“Restaurants are a little bit like kids—they each have their own personality,” says two-time James Beard award winner Gavin Kaysen.
Kaysen hails from Minnesota and got his start in the restaurant world when he was in high school with a job at Subway in Bloomington. At age 20, Kaysen moved away to attend culinary school and to work in some of the top kitchens in New York and San Diego. Kaysen returned to the Twin Cities in 2014 to open Spoon and Stable, “which is energetic and fun, a little escape from the universe outside,” says Kaysen. Then came Bellecour in Wayzata with French cuisine and a bakery. “A little neighborhood spot. It’s where you go when you call your spouse on the way home from work and say, ‘Hey, I’m hungry. Where should we meet for dinner?’” Kaysen says.
This year brought Demi, an intimate venue with limited seating and chef’s tasting menus which feature more upscale, seasonal, artistic inventions. Demi offers the Barrington menu, a two-hour tasting experience served at the kitchen counter, and the WC Whitney menu, a two-and-a-half-hour tasting experience based on the Barrington menu with additional courses.
“[With Demi,] we want to push as hard as we can [to use interesting ingredients] before people get freaked out,” says Kaysen. Cuttlefish with baby turnips, green tomato broth and ginger; rack of lamb with spring onions, spruce tips and yogurt; and rabbit meatball, scallions, shiso and malt vinegar sabayon have recently been on Demi’s menu.
The three restaurants are distinct, but they share the same commitment to quality and what Kaysen and his team call “majestic moments of hospitality.” They all draw on the flavors of the Minnesota seasons, which bring a deep nostalgia for Kaysen. And his restaurants reflect a shift n the culinary world, away from global cities and the dishes people have expected to be served by their great restaurants, and toward a more regional focus.
“The generation of chefs before me created the opportunity to live and work around the world and create the same recipes anywhere,” says Kaysen. Chefs like Kaysen almost all moved away from the cities where they trained in order to work in great restaurants around the world. Now there are amazing restaurants doing innovative things in some of the smaller markets, like the Twin Cities and other cities in the U.S. and beyond, says Kaysen.
Kaysen admits it’s a bit harder for chefs to get some foods—like quality seafood and lesser-known ethnic ingredients in Minnesota—and it’s harder to find experienced staff. But the rent is cheaper, and online vendors and better shipping options have helped level the playing field. “It’s more than just Minneapolis—we’re seeing the same thing in other ‘B-market’ food cities in the U.S.” he says.
Spoon and Stable’s executive chef Chris Nye has observed a similar trend and adds that chefs are moving away from some of the white linens and standard dishes of the past, and instead exploring their roots and creating fresh takes on the food they ate growing up. “There are cultures represented that weren’t before—new chefs like Sean Sherman and Mai Vang here in Minneapolis—and people cooking from the heart. It’s new cuisine, more natural and regionally driven.”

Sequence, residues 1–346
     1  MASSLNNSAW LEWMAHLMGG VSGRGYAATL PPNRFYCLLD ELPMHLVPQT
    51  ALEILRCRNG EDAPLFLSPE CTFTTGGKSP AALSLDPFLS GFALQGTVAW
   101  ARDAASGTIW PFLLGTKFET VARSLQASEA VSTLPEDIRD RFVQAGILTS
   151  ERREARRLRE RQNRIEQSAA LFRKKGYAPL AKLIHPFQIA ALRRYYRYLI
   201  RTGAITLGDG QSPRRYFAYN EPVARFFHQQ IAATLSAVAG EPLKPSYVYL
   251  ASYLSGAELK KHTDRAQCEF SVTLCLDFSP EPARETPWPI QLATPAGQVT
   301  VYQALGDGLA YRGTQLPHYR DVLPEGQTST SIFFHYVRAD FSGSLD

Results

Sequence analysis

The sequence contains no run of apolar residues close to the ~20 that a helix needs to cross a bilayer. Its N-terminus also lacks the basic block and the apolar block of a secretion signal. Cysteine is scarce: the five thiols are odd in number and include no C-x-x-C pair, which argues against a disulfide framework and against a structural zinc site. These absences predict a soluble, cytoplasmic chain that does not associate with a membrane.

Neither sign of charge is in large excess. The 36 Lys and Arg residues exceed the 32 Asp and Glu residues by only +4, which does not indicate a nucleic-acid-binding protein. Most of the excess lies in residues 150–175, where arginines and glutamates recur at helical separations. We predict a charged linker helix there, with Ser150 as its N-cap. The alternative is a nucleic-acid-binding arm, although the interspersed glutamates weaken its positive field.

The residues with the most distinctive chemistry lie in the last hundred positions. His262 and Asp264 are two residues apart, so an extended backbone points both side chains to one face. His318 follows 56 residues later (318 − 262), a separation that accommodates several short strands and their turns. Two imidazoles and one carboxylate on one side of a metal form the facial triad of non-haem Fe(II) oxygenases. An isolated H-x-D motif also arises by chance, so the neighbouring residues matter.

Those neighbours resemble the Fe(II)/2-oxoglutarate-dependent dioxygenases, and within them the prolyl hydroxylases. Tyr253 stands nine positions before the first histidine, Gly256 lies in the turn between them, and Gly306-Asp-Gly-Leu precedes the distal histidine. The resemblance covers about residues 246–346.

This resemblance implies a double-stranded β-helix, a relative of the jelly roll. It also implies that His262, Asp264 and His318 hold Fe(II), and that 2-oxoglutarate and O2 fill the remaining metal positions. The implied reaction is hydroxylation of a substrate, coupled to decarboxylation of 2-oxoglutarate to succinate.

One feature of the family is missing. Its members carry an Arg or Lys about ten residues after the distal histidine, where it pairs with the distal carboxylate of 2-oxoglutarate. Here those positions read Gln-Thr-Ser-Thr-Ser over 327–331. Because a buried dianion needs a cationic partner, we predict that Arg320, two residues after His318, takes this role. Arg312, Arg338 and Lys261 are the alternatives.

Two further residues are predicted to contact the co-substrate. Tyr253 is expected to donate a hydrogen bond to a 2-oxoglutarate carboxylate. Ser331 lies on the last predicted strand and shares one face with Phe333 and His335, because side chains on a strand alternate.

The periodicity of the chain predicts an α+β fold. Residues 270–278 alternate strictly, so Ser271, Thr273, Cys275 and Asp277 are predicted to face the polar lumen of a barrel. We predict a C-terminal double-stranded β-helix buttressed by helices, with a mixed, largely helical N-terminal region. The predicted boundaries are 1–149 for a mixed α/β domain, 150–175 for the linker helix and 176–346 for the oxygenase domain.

Nye says Kaysen is the most supportive chef he’s ever worked for. Within Kaysen’s kitchens—and in the wider culinary community through the Ment’or program—Kaysen “helps cooks become chefs,” says Nye. Along with the commitment to creating consistency and high-quality food at every table, during every shift in his three restaurants, Kaysen empowers his staff—seeing them as top priority in a world that can sometimes breed long hours and burnout—and helping them become up-and-coming local chefs.
“This movement of the media and general public focusing on all markets, not just the larger markets, and building micro-hyperfocused food cities … is going to force some kind of new guide book, I think. People are paying attention. At the Beard awards this year, a friend from Boston came up to me and asked ‘Jesus, what’s happening in the Twin Cities?’” Kaysen says. He and fellow Minneapolis chefs, Bachelor Farmer’s Paul Berglund and Young Joni’s Ann Kim, have brought home three of the last four James Beard Best Chef: Midwest awards. And that, he says, hasn’t happened since Tim McKee, Alexander Roberts and Isaac Becker swept the category in 2009 to 2011. But Kaysen shrugs off the attention, attributing the recent boom to a shifting tide he hopes will continue to make delicious things happen in the Twin Cities.
For now, there are no more Kaysen restaurants opening—yet. The team plans to continue to do what they do every day: build consistency and find joy in cooking as their brands get more established. But they’re always asking what’s next, and they’re thrilled to see the Twin Cities at the heart of a national movement that’s making great food available to more people in more areas.
“I left at 18 to go to culinary school and work in New York. Going to work for Daniel Boulud was the single most important decision I’ve made in my life,” Kaysen says. “But honestly, if I were a cook growing up here, now? I don’t know if I ever would have left.”